Feeling Fuller With Fiber

Feeling Fuller with Fiber

April is IBS Awareness Month and a great time to take a look at how much fiber is in your diet. It’s estimated that the average adult eats only 15 grams of dietary fiber per day. How much fiber do you need? The FDA recommends that adult women eat 25 grams per day and men should get about 38 grams (about 14 grams of fiber for every 1,000 calories consumed).

Where to Turn

The next time you’re in the grocery store, take a closer look at food labels of the items you frequently buy. Remember that foods claiming to be “high in fiber” should contain at least 5 grams of fiber per serving according to the FDA.

The U.S. government’s 2010 Dietary Guidelines recommend eating more plant foods – vegetables, legumes, fruit, whole grains and nuts – to meet the daily requirements. Avoid refined and processed grains like white flour, white pasta and white rice.

For the Kids

Many foods packaged and marketed to children contain refined grains, which have been stripped of their fiber content. Look for these less processed options for your little ones (and you!):

  • Whole grain pasta
  • Bran or whole wheat cereal with at least 5 grams of fiber per serving
  • Fresh fruit with the skin still on it (berries, plums, grapes and peaches)
  • Beans like lentils, edamame and black beans

 A Fiber Bonus

In addition to providing digestive benefits, a proper fiber intake can lower the risk of coronary disease, metabolic syndrome and obesity. Fiber makes you feel fuller longer and can help curb the urge to overeat. It takes longer to chew and stays in your stomach longer, absorbing water to make you feel full.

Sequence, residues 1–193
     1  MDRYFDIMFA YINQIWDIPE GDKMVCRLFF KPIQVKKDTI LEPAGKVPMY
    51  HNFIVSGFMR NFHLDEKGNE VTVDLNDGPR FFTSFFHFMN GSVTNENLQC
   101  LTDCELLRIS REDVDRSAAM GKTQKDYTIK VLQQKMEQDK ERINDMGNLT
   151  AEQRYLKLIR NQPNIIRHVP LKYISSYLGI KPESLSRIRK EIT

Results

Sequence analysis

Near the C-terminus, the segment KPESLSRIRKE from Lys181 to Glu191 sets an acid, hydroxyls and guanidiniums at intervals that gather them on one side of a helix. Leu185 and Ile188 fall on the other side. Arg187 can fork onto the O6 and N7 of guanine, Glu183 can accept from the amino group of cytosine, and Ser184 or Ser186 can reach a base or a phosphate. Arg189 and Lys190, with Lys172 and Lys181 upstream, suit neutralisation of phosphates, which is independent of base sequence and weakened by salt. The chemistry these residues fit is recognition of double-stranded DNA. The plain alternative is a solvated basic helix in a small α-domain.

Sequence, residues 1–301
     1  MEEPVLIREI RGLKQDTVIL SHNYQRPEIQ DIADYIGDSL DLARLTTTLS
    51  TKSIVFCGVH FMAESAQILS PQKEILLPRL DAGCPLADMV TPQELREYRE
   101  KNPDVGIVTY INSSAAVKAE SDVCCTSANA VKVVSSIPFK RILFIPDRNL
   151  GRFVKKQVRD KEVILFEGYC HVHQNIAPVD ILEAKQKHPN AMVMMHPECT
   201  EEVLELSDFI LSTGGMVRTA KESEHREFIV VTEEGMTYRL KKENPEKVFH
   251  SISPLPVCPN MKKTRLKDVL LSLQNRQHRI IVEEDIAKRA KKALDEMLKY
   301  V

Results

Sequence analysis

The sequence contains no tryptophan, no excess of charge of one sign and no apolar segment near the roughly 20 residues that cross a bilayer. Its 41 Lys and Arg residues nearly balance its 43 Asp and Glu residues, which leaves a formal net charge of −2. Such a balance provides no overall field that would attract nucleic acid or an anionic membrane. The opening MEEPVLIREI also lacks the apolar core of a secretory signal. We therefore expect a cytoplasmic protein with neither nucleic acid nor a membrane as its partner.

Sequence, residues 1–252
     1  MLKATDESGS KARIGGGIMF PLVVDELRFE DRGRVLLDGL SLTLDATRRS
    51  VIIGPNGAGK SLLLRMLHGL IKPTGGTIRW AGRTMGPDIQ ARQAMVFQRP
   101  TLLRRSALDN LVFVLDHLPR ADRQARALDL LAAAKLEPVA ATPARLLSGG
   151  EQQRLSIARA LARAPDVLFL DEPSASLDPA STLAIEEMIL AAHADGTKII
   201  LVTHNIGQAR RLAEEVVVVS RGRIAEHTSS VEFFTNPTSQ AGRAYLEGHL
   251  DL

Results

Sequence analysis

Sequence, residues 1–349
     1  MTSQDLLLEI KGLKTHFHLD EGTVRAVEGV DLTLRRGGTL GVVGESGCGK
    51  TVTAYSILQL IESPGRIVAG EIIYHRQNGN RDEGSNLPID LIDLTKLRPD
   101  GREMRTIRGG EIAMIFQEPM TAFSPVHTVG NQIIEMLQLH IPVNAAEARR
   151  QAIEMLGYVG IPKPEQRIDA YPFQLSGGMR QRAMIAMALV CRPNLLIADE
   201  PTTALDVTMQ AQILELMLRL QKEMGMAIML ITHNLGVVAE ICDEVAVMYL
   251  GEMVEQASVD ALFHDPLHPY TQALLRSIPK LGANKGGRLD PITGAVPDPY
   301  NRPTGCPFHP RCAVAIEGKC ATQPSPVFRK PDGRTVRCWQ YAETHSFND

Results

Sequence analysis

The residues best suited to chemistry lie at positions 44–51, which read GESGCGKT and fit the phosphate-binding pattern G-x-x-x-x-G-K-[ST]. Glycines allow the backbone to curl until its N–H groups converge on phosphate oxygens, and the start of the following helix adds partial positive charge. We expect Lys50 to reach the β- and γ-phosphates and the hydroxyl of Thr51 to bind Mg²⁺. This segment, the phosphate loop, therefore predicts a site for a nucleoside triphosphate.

Fiber Facts and Fiction

Fiber is a “fad-food” right now, and manufacturers are isolating specific types of fiber and adding them to packaged foods to take advantage of the craze. But just as we’re learning more about different types of soy protein, research is showing how complex fiber is as well.

Most people don’t realize that there are actually two types of dietary fiber: soluble and insoluble. Each takes on a different role in the digestive system.

Insoluble Fiber: can’t be dissolved in water, passes through the intestinal track without changing form; will increase the frequency, water content and ease of bowel movements. It can be found in whole grains, barley, couscous, brown rice, wheat bran, nuts, seeds, carrots, cucumbers, zucchini, celery, green beans, dark leafy vegetables, raisins, grapes and tomatoes. Insoluble fiber prevents constipation and reduces the risk of diverticular disease.

Soluble Fiber: dissolves in water, is smooth and soothing to the digestive track; can also lower the risk of heart disease, as part of a diet low in saturated fat and cholesterol. It can be found in beans, peas, lentils, oatmeal, oat bran, nuts, seeds, apples, pears, strawberries and blueberries. Soluble fiber is associated with lowering LDL (bad) cholesterol, regulation of blood sugar and a lower risk of heart disease and type 2 diabetes.

Fiber is one amazing multi-tasker. Whether your goal is weight loss, improved digestion or heart health, fiber does it all. But despite common knowledge of fiber’s many benefits, 95% of Americans don’t get the American Dietetic Association’s recommended 21-35 grams per day.  Fortunately, FibRestore® provides 10 grams of combined soluble and insoluble fiber per serving. One scoop of FibRestore is the first step in getting your digestive system on the right track.

Thank you Reliv for another great article!!!

Sources

http://www.eatingwell.com/nutrition_health/weight_loss_diet_plans/diet_exercise_tips/7_foods_that_do_the_weight_loss_work_for_you

http://www.webmd.com/food-recipes/features/fiber-how-much-do-you-need

https://www.bozo.coop/news/2012/03/5-high-fiber-foods-kids

http://www.healthaliciousness.com/articles/foods-high-in-dietary-fiber.php

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